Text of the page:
Snow questions came up at Calgary city council Monday, including one that may have been rubbing people the wrong way.
And it just so happens there’s no truth to the rumour.
Coun. Jeromy Farkas said he’d been receiving photos from Calgary residents showing the alleged use of sand by city workers around Calgary outdoor rinks.
“I understand that other cities, such as Chestermere, have been sanding storm ponds to prevent skating because the road salt and other runoff can cause the ice to be thinner, weaker and toxic,” said Coun. Farkas.
“But just for clarity, what is the exact practice and policy here in Calgary?”
City of Calgary Community Services GM Katie Black said this is not the case. They recognize the need for people to get outside during COVID-19.
“I can clarify that we have not, and do not plan to sand the natural or outdoor ice surfaces, as a means to prevent skating,” Black said.
Black said at some of the natural lagoons they have increased signage to warn Calgarians of the dangers. They also looking at ways to address the growing concern of people skating on the Glenmore Reservoir.
This is not allowed.
“Recreation activity on the reservoir is not permitted. because of course it’s a source of drinking water for Calgarians, and the ice surface can be unstable,” Black said.
Good Samaritans removing snow
Another snow question was directed at city administration Monday, this one from Ward 14’s Peter Demong.
Demong asked why Good Samaritan contractors, who, on a day off, are being told they can’t help plow the streets in their neighbourhoods – even though they have available equipment.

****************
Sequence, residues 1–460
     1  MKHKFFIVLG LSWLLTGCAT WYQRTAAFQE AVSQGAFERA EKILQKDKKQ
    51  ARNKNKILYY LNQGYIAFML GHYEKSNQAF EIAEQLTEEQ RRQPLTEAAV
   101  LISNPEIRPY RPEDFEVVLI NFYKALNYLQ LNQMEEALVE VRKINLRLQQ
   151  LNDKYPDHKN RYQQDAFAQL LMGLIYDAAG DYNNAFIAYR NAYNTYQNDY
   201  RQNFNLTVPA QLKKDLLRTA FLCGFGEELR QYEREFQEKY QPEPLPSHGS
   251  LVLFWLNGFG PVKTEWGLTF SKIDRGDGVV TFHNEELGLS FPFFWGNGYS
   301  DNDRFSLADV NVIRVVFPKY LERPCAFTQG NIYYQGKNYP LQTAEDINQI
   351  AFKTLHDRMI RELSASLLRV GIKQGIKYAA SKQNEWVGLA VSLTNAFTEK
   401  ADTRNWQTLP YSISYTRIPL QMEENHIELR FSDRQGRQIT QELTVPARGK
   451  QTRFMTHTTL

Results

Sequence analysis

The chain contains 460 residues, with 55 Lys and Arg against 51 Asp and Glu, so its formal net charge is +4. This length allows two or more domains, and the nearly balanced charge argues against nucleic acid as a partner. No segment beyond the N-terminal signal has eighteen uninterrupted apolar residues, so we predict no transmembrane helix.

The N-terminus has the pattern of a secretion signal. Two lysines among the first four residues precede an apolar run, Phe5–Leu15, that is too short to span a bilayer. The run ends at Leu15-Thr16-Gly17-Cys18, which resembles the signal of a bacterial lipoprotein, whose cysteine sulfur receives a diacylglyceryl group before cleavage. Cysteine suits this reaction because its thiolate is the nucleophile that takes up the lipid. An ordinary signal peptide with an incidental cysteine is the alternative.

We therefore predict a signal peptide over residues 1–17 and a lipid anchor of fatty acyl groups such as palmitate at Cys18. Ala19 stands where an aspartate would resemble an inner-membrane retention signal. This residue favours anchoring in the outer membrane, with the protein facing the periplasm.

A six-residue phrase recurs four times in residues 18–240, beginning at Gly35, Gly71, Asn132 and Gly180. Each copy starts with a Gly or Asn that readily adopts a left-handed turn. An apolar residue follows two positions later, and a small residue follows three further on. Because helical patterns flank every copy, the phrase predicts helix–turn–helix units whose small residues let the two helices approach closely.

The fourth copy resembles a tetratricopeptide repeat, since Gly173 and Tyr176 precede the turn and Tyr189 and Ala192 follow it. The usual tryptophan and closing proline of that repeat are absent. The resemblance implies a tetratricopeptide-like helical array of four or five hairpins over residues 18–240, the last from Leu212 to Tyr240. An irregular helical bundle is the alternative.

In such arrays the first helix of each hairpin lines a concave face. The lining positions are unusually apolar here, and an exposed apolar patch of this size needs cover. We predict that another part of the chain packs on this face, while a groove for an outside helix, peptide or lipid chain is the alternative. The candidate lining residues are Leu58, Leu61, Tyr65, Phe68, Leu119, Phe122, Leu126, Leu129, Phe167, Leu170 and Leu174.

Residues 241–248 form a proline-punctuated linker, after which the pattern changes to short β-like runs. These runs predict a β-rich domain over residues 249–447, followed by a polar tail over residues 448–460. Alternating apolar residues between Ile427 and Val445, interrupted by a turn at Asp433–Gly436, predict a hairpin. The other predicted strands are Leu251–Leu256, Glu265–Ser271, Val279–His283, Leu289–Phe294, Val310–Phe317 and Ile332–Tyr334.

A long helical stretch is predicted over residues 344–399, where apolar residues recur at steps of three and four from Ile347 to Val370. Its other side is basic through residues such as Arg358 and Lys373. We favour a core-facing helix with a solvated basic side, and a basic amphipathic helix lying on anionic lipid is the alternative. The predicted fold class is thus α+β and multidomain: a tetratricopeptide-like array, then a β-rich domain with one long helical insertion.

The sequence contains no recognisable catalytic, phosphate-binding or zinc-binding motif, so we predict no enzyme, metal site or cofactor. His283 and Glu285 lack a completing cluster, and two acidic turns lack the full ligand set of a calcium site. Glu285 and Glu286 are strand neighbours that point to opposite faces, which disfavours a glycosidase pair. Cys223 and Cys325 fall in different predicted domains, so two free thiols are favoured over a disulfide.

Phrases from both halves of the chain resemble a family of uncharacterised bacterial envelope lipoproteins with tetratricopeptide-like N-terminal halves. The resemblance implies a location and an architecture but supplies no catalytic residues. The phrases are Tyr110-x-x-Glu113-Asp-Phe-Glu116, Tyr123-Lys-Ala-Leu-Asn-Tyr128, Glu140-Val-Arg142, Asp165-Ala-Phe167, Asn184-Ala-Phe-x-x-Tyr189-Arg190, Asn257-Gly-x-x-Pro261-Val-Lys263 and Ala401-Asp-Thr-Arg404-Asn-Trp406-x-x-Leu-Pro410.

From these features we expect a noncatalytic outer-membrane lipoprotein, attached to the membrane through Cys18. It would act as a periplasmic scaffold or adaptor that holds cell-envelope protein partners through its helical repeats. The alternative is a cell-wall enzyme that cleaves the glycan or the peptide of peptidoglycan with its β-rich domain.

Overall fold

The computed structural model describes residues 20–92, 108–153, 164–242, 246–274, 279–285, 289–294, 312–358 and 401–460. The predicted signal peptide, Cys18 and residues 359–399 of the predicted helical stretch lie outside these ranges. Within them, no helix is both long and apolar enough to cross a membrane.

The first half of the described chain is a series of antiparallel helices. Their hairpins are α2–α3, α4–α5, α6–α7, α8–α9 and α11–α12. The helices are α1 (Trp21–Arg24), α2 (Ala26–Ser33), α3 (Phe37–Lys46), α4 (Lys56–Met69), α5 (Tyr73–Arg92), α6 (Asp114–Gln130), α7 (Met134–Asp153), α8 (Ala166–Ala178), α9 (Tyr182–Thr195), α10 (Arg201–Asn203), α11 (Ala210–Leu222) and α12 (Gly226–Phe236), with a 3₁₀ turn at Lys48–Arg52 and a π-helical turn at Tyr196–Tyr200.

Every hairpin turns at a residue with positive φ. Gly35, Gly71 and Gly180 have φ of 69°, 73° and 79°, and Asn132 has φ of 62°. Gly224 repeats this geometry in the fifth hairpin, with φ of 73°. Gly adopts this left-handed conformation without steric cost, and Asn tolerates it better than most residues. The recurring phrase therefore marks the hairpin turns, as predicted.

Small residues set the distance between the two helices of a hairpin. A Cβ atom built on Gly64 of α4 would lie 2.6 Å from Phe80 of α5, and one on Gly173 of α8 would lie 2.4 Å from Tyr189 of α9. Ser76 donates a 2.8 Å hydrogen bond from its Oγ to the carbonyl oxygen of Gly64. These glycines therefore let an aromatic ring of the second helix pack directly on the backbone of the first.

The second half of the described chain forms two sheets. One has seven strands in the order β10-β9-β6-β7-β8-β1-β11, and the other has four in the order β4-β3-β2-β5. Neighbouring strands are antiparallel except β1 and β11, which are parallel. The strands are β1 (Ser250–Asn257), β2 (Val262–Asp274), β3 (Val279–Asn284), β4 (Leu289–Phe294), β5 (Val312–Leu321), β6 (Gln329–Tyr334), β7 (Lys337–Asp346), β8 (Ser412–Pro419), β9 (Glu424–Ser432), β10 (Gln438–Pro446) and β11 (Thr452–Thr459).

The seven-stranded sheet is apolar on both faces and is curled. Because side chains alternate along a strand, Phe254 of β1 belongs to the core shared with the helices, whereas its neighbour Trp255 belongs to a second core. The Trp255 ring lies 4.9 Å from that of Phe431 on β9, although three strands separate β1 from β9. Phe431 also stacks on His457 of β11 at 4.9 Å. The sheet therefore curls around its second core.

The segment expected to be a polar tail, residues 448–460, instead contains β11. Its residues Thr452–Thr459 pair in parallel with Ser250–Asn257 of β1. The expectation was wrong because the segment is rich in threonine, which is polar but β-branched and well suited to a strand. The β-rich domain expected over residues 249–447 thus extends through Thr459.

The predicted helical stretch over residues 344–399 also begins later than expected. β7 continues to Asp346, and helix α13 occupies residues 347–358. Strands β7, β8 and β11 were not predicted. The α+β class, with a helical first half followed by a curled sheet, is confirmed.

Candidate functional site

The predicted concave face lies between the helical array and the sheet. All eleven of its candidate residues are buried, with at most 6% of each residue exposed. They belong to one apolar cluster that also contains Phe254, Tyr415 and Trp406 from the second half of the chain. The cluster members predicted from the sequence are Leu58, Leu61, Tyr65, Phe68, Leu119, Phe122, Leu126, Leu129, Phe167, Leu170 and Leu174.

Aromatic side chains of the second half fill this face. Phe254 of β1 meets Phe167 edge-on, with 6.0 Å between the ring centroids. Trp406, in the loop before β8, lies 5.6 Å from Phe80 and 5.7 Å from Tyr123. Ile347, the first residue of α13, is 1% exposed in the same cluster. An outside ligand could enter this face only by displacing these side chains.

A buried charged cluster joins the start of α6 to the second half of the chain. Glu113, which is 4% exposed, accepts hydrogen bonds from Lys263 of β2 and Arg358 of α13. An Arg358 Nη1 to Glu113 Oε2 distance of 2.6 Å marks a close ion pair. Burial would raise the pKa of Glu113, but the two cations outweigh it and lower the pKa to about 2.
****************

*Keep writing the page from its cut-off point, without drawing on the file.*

“I would like to ask our administration to explain the city’s reasoning for prohibiting citizens from using personal snow clearing equipment to help make road passable for after large dumps of snow,” Demong asked.
City of Calgary Transportation GM Doug Morgan said there are four primary reasons: Safety, legislation, the environment and property damage risk mitigation.
Roads director Troy McLeod explained further. He said snow piles could create visibility issues or obstruct access points and cover catch basins that prevent flooding. McLeod said small equipment can interfere with other vehicles and active modes of transportation.
He cited rules around operation of a business on a street and that they’d need to apply for a permit. Also, the snow collection and removal to a city facility.
“Lastly, any damage to public or private property that may occur during these operations,” McLeod said.
“There needs to be a risk mitigation through the city granting permission, with proper indemnification and insurance.”
There is a snow emergency notice of motion being heard later during this city council meeting. McLeod suggested they could be directed there to look at this further.